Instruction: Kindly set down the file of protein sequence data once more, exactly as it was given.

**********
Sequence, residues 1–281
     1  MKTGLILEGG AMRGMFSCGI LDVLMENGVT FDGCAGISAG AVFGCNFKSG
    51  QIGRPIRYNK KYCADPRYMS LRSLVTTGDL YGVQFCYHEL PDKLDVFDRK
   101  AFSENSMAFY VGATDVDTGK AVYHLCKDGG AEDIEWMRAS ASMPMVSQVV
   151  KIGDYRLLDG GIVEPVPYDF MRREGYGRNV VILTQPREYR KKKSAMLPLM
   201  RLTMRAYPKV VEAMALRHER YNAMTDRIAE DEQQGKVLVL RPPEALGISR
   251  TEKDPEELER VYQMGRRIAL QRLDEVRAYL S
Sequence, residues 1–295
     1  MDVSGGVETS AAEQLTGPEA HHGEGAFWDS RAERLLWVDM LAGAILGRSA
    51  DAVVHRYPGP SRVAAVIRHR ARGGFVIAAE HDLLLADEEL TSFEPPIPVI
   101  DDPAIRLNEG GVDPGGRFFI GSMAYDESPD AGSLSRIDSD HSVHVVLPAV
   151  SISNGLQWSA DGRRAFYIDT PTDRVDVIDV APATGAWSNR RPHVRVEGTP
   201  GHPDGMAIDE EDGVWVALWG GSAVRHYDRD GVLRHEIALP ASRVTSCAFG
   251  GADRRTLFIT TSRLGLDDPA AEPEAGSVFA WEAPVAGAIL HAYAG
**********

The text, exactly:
Sequence, residues 1–281
     1  MKTGLILEGG AMRGMFSCGI LDVLMENGVT FDGCAGISAG AVFGCNFKSG
    51  QIGRPIRYNK KYCADPRYMS LRSLVTTGDL YGVQFCYHEL PDKLDVFDRK
   101  AFSENSMAFY VGATDVDTGK AVYHLCKDGG AEDIEWMRAS ASMPMVSQVV
   151  KIGDYRLLDG GIVEPVPYDF MRREGYGRNV VILTQPREYR KKKSAMLPLM
   201  RLTMRAYPKV VEAMALRHER YNAMTDRIAE DEQQGKVLVL RPPEALGISR
   251  TEKDPEELER VYQMGRRIAL QRLDEVRAYL S
Sequence, residues 1–295
     1  MDVSGGVETS AAEQLTGPEA HHGEGAFWDS RAERLLWVDM LAGAILGRSA
    51  DAVVHRYPGP SRVAAVIRHR ARGGFVIAAE HDLLLADEEL TSFEPPIPVI
   101  DDPAIRLNEG GVDPGGRFFI GSMAYDESPD AGSLSRIDSD HSVHVVLPAV
   151  SISNGLQWSA DGRRAFYIDT PTDRVDVIDV APATGAWSNR RPHVRVEGTP
   201  GHPDGMAIDE EDGVWVALWG GSAVRHYDRD GVLRHEIALP ASRVTSCAFG
   251  GADRRTLFIT TSRLGLDDPA AEPEAGSVFA WEAPVAGAIL HAYAG